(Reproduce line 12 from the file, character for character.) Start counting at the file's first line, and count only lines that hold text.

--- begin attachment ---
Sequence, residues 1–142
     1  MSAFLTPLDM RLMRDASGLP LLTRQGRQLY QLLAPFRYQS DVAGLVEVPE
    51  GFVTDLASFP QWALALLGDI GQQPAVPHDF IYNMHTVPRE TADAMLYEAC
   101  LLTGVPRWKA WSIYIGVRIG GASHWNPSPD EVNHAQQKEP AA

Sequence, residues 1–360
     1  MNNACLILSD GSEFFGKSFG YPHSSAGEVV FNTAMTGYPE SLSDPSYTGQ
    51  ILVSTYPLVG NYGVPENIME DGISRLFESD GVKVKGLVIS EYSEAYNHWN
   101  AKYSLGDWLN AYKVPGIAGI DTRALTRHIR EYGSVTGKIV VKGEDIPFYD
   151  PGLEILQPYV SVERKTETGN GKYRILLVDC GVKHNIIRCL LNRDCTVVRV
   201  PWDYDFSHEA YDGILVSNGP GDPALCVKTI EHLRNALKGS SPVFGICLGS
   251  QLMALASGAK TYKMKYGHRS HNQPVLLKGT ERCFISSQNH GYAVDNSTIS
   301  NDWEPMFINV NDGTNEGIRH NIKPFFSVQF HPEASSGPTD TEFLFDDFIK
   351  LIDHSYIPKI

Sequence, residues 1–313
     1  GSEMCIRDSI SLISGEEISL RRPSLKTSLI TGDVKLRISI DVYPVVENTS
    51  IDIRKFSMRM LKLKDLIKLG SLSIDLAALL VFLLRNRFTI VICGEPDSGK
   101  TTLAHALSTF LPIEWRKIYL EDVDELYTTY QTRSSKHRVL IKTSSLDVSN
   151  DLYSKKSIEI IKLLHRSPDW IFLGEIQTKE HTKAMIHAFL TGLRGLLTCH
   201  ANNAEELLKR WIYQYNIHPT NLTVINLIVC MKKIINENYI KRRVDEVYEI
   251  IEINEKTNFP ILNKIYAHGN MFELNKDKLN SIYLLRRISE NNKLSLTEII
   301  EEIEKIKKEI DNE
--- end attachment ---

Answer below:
   301  NDWEPMFINV NDGTNEGIRH NIKPFFSVQF HPEASSGPTD TEFLFDDFIK